I have been working on this problem for over an hour and I think I have simply missed something. I need some help. The rules I am allowed to use are the Basic Inference rules (MP, MT, HS, Simp, Conj, ...
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Why can't existence be expressed in linear temporal logic?

In some circumstances, existence cannot be expressed in linear temporal logic. I don't understand why it can't be constructed with negations and global quantifiers. For example, the wikipedia page (...
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What is the difference between inference and deduction?

This question contains my question, but tries to accomplish too much at once; I would like a clear answer to the distinction between inference and deduction. What is the difference between coming to ...
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~(~P&Q) & ~(P&Q) : Prove ~Q

This must be proved using only negation, double neg.Intro, double negation Elimination, indirect proof, conj.Intro, and conj.Elim.
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Language proof and logic Chapter 15 question 21 how?

I'm really not understanding the set up of how to go about solving this problem any help is welcome
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In Fitch, how does one prove ¬(B ∧ C) from two premises (A → ¬B) and (¬A → ¬C) [closed]

Help me out please!! I have been trying to solve it for hours
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Language proof and logic Chapter 15 question 16 help

I'm trying to go about solving this problem but I'm having problems even knowing how to approach it. Can someone help me to set it up? Here is the premise: ∀x∀y(x ⊆ y ↔️ ∀z(z ∈ x ⟶ z ∈ y) Here is ...
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What would be an intuitive understanding of Peirce's law?

Wikipedia describes Peirce's law as In propositional calculus, Peirce's law says that ((P→Q)→P)→P. Written out, this means that P must be true if there is a proposition Q such that the truth of P ...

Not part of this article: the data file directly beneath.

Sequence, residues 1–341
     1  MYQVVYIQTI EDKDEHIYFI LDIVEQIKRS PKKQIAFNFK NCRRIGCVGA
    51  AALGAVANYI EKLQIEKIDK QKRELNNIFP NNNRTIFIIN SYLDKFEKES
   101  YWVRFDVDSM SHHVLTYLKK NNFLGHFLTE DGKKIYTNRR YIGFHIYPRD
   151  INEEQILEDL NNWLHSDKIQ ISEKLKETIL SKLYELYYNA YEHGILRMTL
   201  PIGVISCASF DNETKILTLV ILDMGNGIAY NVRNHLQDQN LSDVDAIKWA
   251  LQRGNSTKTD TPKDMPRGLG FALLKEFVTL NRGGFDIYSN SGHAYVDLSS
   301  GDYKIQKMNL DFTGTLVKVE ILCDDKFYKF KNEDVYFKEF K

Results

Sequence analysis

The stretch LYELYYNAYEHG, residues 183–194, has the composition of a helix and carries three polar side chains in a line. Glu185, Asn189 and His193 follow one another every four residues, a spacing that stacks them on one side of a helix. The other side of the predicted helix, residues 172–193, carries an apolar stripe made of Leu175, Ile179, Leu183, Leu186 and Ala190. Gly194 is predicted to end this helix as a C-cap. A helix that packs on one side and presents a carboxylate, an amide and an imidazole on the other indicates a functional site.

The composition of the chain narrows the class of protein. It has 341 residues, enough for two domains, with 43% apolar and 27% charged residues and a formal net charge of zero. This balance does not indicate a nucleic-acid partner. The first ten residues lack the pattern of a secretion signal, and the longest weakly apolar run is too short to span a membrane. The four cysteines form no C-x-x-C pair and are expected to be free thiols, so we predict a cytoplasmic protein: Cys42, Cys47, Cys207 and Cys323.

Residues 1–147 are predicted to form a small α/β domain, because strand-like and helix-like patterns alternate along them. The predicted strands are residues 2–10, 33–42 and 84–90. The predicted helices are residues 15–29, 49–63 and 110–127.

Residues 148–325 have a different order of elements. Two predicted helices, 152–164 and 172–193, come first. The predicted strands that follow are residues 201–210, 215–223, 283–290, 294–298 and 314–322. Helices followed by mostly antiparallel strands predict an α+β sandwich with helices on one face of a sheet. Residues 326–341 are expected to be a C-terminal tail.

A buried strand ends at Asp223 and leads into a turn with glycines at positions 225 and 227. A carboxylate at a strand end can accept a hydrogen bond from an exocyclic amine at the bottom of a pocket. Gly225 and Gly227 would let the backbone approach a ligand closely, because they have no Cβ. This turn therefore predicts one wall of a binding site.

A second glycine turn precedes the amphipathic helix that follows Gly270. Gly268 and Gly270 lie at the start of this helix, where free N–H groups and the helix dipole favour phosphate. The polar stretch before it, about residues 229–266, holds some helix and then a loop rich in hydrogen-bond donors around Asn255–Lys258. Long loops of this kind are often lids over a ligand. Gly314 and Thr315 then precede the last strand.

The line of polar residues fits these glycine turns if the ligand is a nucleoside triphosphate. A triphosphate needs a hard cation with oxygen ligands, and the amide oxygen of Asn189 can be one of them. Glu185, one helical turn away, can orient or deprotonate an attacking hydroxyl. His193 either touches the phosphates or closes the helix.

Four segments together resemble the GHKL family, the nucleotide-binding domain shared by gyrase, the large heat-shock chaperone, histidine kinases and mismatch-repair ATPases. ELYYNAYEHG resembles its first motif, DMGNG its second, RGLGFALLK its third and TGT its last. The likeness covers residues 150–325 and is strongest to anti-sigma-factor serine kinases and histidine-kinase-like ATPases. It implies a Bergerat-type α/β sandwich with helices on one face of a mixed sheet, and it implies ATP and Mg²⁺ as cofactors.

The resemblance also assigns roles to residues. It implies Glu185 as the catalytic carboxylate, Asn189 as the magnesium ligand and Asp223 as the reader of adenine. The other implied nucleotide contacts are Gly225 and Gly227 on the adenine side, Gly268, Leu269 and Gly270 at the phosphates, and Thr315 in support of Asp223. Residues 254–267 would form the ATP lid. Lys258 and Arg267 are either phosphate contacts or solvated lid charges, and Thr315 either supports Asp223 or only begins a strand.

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language proof and logic chapter 13 question 49 Help

Premises: ∃xP(x) ∀x∀y((P(x)∧P(y)) → x = y) Prove: ∃x(P(x)∧∀y(P(y) → y = x)) I've started it but the end is starting to get super muddy and not work out and I don't know where I went wrong.
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language logic and proof chapter 12 question 49 and question 50

I've been working on this and I can't seem to figure out what exactly is going wrong can anyone help?
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In Fitch, how does one prove “P” from the premise “(¬P ∨ Q)→P”?

I can't figure out how to prove that formally. Please, help!!
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1answer
174 views

What is the best proof that 1+1=2 by a person who was not Bertrand Russell?

The question says it all. Besides Russell and Whitehead, who are the philosophers and mathematicians who demonstrated successfully that 1+1=2? Extra bonus (i.e., a warm feeling inside) awarded for ...
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How to prove ‘∃xP(x)’ from ‘¬∀x(P(x)→Q(x))’

What would a formal Fitch proof for this look like? I am given ¬∀x(P(x)→Q(x)), and need to derive ∃xP(x) from it. I started with this, but I don't know if I am doing the right thing, and where to go ...
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Difficulty with understanding the semantics of the following equivalences

I know that the rules for removing quantifiers from the antecedent of a conditional are as follows: (∀x)φ(x) → ψ ⇔ (∃x)(φ(x) → ψ) and (∃x)φ(x) → ψ ⇔ (∀x)(φ(x) → ψ), provided that x is not free in ψ. ...
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Can the conclusion of an inductive argument be that there is only one exception to the list of evidentiary claims?

Can this be an example of an inductive argument? Premise 1: Country A rejected idea Z. Premise 2: Country B rejected idea Z. Premise 3: Country C rejected idea Z. Premise 4: Country D rejected ...
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What argument styles have only recently been labelled fallacies?

While reading Douglas Walton's "Historical Origins of Argumentum ad Consequentiam", I realized there is at least one argument style that appears reasonable but which has been labelled as a logical ...
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What's wrong with the logic in the following ''paradox''?

The apparent paradox pertains to the homesteading principle. This isn't a question about the morality/immorality of homesteading, or ownership, or use, etc, just the logic behind it. The concept: ...
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Fitch Proof by Contradiction help

Hi, I'm pretty new to writing formal proofs and I was wondering if I could get some help solving this question. I've set up the problem and I was thinking of perhaps proving it by contradiction that ...
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Is there a logical fallacy for rejecting “A not B, because A precludes B?”

I'm not sure if I'm asking the right question here, but I'm wondering if there is an actual fallacy to describe this situation.